Last month Manny Pintado attended the Jobs for Justice annual conference in Washington DC. On the school scene, he reported hedgefund managers are undermining public education by funding only charter schools. They’re also donating to colleges huge sums of money with strings attached, to influence the course material. On the work front, only 13% of US jobs are now unionized. Many workers can earn only the federal minimum wage — $7.25/ hour –with no benefits, and an irregular schedule.
On March 8 we co-sponsored an International Woman’s Day celebration in Lyman Hall. The group honored several women from different parts of MA who are organizing against the Kinder-Morgan pipeline, a 30” diameter pipe running from the fracked-gas fields of PA to the coast, for export, contaminating whatever it touches, including MA protected forest land. Also receiving an award was P&J president, Sharon Moulton for her work with Climate Action Now (CAN). CAN is trying to influence two committees of the Boston legislature that are each considering an anti-global-warming law: (1), a carbon tax , and (2) getting rid of the cap on new solar projects (so Northampton would be able to put solar panels on the old dump). Sharon urges everyone to call their representatives about these issues.
Congratulations to Denise Karuth who received the Betty Gayzagian Advocacy Award from the Bay State Council of the Blind (BSCB), the Massachusetts affiliate of the American Council of the Blind (ACB), a national advocacy organization for people with visual and other disabilities. The award was given:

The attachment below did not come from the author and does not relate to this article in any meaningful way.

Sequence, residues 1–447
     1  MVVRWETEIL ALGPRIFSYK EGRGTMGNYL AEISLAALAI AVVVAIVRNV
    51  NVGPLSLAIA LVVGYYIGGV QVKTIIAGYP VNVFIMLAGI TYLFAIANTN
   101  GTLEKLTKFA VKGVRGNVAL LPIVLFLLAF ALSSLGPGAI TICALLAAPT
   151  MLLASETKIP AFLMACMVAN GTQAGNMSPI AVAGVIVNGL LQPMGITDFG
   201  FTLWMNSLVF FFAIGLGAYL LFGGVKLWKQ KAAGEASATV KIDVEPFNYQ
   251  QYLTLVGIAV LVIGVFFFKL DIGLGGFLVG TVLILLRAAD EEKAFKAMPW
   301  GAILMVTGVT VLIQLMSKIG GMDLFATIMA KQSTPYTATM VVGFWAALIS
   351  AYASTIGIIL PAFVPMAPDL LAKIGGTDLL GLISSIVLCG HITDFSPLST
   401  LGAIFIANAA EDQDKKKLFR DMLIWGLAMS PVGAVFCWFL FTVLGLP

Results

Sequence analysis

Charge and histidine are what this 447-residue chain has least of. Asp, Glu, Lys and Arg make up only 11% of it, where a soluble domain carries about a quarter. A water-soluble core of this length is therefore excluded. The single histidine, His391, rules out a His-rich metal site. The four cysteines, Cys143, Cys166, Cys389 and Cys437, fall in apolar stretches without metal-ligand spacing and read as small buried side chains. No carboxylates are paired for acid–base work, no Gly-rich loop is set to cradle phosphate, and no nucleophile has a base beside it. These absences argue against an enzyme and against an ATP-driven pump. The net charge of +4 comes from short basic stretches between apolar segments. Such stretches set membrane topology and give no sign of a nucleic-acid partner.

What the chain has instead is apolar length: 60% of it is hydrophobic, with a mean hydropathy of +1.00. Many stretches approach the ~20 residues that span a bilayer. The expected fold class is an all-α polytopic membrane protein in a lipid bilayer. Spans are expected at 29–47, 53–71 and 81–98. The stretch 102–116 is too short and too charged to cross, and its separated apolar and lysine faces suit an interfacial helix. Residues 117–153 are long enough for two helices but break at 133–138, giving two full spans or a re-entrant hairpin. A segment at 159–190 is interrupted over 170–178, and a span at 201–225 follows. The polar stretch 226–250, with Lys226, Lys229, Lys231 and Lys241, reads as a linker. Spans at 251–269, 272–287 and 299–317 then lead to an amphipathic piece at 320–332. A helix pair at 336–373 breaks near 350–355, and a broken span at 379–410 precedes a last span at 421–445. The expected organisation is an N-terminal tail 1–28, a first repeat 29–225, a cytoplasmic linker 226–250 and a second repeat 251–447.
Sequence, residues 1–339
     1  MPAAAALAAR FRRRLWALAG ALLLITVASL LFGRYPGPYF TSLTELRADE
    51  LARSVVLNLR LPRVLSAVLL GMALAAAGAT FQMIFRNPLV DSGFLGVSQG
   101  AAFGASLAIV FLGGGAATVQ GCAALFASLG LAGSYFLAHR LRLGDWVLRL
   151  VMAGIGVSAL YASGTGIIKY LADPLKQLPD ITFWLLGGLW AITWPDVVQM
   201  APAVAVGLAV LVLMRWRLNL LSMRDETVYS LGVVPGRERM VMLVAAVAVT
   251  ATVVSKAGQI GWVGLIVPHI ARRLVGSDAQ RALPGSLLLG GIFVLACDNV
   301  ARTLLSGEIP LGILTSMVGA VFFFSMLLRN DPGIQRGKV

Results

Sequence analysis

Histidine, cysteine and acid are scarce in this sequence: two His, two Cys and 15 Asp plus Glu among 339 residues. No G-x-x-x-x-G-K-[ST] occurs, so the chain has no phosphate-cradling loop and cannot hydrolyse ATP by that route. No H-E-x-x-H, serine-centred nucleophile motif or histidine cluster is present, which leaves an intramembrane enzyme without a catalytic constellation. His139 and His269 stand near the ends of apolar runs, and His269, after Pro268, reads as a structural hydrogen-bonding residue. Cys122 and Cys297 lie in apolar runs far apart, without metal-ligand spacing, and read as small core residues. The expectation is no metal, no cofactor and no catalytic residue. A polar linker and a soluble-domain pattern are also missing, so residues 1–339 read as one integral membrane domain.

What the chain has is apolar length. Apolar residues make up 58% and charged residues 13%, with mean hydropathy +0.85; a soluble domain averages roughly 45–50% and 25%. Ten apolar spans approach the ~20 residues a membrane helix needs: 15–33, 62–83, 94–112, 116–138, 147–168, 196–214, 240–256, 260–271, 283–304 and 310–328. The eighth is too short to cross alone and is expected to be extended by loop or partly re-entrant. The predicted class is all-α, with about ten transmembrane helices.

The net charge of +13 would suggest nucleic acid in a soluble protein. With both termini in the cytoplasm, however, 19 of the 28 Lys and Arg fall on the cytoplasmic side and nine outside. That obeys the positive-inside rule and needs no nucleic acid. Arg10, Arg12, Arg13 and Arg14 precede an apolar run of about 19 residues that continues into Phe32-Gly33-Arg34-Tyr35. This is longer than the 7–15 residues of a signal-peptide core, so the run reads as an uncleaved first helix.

“In recognition of her dedication, determination, leadership and hard work on all issues of importance to people with disabilities, as well as blind or visually impaired individuals in Massachusetts and across the nation.”
Denise received the award at BSCB’s annual meeting in Burlington, Massachusetts. She was especially pleased when long-time friend and colleague Charles Crawford, former commissioner of the Massachusetts Commission for the Blind, former executive director at ACB in Washington, DC and retired director of services for blinded veterans at the VA in Washington DC, said, “Denise, you’ve earned this award a thousand times over.”
On the day before Easter, Oonagh Doherty and Em Jollie organized a vigil on First Churches steps to celebrate Berta Cáceres. She was an internationally recognized Honduran peace activist who was not crucified on a cross like Jesus, but was gunned down last week by soldiers bursting through the door of her home. She was protesting corporate damning and flooding Indian land to sell hydroelectric power for their own profit. The US helps finance the Honduran military dictatorship.